The Ketzot Ha-Choshen (see his comments to Choshen Mishpat 42;1, 90;7) employs this Ran to establish an important principle governing eidei kiyum. He claims (90;7) that witnesses attending a kiddushin do not have to witness the ENTIRE action of kiddushin. If they stand under the chuppa and witness the general proceedings even if they dont witness the actual delivery of money or the ring they may still serve as eidei kiyum. Since they can ASSUME (and ultimately testify based upon that assumption) that the chatan they saw reciting the kiddushin formula while standing next to the kalla, actually delivered a ring, this event has provability. They may patch together their testimony based on what they actually saw and what they can assume- based on what they saw. Since this patchwork testimony would ultimately be accepted by beit din, this kiddushin is provable and the eidei kiyum have served their role. If we were to view eidei kiyum as a more formal element, we might have required them to actually witness the ENTIRE process and disagreed with the Kezot (as the Tumim actually maintains).
The Ran asserts his notion of eidei kiyum to explain a get processed solely through edei chatima according to R. Eliezer (based on the Rif's assumption that R. Eliezer would allow exclusive eidei chatima as an option). The same logic may be applied to explain R. Meir's position, who ALWAYS demands eidei chatima and does not allow for eidei mesira at all. Presumably, his eidei chatima supply eidei kiyum in the form of an anan sahadi; although no actual witnesses attended the delivery of the get, the presence of a signed document indicates the delivery and is sufficient for kiyum.
R. Chayim suggests a very different approach to locating the kiyum of a get processed solely through edei chatima. According to a theory that he develops repeatedly in his comments to the Rambam (in particular in Hilkhot Eidut), a shetar is not merely a form of recorded or written eidut. Instead, R. Chayim viewed a shetar as a completely different halakhic entity with autonomous rules and dynamics. As part of the unique nature of a shetar, it may testify well beyond the actual events witnessed by the signatories. The eidei chatima actually only witness the preparation of document; they have no idea if this document was ever be issued and whether the halakhic activity triggered by this shetar will ever ensue. Yet a shetar testifies to the events in question which the eidim never actually witnessed. In addition, me-deoraita, a signed shetar is valid even if the signatures have not been validated by beit din (it was the Rabbanan who required that documents be notarized). The shetar actually testifies that it was prepared legitimately- even though the eidim have no clue about events before or after they signed!!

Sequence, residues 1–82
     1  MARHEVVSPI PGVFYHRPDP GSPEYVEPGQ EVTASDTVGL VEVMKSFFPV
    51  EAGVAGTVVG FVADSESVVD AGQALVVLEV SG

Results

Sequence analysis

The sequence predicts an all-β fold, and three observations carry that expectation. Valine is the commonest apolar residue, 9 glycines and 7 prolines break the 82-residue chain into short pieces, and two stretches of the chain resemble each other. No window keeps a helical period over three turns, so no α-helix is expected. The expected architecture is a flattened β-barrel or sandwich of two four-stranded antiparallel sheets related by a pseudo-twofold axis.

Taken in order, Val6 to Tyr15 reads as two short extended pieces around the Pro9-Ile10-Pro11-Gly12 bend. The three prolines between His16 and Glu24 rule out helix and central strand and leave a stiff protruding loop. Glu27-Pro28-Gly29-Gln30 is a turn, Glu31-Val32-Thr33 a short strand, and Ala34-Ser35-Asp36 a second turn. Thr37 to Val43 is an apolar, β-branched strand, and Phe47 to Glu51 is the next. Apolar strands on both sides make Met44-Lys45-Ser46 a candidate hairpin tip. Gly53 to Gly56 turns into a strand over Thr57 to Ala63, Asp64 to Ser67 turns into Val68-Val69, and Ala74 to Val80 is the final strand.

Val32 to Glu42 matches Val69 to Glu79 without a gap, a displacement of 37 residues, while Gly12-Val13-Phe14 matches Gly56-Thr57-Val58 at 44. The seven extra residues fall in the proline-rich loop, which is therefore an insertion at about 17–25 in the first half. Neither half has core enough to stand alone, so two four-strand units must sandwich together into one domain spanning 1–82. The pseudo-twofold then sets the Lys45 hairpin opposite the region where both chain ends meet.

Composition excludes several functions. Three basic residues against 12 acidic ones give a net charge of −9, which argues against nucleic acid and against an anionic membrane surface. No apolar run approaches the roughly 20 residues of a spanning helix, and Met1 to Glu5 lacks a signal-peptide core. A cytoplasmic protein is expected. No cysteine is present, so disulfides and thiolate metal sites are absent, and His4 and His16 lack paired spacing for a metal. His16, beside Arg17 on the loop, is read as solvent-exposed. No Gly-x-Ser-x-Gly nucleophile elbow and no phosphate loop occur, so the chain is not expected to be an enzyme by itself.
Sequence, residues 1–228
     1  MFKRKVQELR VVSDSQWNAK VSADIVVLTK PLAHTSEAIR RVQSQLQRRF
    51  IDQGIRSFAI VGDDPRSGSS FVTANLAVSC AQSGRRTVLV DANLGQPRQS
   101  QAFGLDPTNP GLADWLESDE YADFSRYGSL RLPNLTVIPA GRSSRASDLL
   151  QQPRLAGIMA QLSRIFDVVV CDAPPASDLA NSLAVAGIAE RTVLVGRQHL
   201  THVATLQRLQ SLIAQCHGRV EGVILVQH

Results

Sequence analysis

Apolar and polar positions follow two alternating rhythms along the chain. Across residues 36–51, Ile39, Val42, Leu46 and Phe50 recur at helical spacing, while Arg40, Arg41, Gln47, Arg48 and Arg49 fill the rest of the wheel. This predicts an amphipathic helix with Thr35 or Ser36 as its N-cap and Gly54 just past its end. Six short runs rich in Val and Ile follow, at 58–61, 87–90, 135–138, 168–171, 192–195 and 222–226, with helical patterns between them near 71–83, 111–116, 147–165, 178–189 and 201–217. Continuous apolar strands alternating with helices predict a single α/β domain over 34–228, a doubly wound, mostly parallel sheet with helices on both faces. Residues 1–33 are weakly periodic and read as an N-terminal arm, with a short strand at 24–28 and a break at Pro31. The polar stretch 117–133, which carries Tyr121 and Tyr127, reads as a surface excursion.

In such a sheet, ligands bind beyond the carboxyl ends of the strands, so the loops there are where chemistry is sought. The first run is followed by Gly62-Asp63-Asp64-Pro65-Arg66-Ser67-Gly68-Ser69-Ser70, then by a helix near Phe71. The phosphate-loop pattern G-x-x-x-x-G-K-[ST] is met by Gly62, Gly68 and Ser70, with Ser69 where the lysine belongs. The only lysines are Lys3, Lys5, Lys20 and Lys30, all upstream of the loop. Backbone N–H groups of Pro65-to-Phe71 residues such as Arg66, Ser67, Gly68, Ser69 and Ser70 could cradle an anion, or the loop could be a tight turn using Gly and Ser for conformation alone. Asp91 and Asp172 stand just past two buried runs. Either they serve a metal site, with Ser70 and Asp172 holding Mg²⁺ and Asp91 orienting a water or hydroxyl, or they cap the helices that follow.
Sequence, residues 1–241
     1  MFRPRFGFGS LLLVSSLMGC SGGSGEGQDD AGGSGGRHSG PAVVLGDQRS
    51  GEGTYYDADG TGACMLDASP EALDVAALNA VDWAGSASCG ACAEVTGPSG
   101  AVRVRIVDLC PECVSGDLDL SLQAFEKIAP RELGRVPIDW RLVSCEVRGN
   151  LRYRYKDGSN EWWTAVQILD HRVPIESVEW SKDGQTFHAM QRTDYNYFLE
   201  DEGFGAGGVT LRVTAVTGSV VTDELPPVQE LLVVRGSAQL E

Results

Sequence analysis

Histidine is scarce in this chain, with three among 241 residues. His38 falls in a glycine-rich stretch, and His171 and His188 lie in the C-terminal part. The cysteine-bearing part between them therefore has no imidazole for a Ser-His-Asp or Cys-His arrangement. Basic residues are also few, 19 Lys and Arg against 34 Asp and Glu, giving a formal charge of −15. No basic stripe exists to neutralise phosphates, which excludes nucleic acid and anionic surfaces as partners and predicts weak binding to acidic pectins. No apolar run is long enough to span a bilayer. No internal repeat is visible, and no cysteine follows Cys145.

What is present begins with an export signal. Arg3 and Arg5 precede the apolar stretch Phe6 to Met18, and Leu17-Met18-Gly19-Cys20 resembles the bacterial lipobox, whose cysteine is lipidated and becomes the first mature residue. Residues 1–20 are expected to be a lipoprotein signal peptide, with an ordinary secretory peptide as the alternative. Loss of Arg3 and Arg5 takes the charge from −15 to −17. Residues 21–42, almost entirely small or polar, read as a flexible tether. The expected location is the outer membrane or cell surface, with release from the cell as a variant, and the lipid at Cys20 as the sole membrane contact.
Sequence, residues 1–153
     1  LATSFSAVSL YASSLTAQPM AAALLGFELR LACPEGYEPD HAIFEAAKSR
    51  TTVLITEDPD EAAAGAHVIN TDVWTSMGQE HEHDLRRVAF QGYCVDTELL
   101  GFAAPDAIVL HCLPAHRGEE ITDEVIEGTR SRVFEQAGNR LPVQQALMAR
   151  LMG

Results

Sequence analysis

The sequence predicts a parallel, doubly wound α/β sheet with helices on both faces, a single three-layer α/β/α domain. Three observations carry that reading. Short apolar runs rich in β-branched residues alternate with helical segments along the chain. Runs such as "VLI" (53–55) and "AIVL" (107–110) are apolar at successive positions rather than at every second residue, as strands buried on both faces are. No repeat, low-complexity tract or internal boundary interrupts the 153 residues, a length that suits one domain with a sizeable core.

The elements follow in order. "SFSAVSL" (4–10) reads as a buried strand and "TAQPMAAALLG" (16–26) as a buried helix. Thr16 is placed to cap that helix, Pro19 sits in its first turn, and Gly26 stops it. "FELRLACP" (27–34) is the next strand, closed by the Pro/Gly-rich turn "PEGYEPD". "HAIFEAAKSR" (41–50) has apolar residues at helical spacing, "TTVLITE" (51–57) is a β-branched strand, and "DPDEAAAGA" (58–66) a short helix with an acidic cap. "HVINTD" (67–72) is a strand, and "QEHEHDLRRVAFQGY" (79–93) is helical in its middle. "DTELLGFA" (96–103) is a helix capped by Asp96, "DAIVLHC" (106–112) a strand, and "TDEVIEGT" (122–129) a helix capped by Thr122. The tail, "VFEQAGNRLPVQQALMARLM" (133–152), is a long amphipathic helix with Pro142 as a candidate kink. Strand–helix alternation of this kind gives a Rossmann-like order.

According to R. Chayim, this demonstrates that a shetar is not merely the recorded testimony of the signatories. By signing their names, the eidei chatima create an independent testimony that testifies far beyond the parameters of what they themselves witnessed. The shetar as an independent force testifies to its own integrity that no forgeries occurred, that the participants of the shetar were halakhically valid, and that the event occurred and that the shetar was actually delivered to the intended party e.g. the person issuing the loan, the woman becoming married or divorced, or the recipient of the transferred land. According to R. Chayim, a signed shetar actually TESTIFIES to its own delivery. Even thought there are no actual eidim witnessing the DELIVERY, there is halakhic EIDUT about the delivery through the unique voice of the shetar.
Practically, R. Chaim limits this inherent testimony about delivery to certain forms of delivery. A shetar can inherently testify that it was delivered to the woman (thus forming the equivalent of edei mesira according to R. Meir.) However, a shetar will not testify about its delivery into the hands of a shaliach who will carry it to the designated party. The shetar only testifies to its delivery to its intended target (the woman in the case of a get), but not to its transfer to an intermediary. R. Chaim employs this distinction to explain that a shaliach enjoys no inherent edei kiyum in the same fashion that a woman does.
However Rav Chaim provides an alternative solution to edei kiyum in a scenario of pure edei chatima. Unlike the Ran who claimed that documents affixed with edei chatima supply an 'anan sahadi' about the delivery, Rav Chaim claimed that actual EIDUT exists about the delivery. Though no actual witnesses or edei mesira attend the delivery of the contract, the signed contract ITSELF testifies about its own delivery. Such is the unique legal power of a shetar to testify to the conditions of its own validity.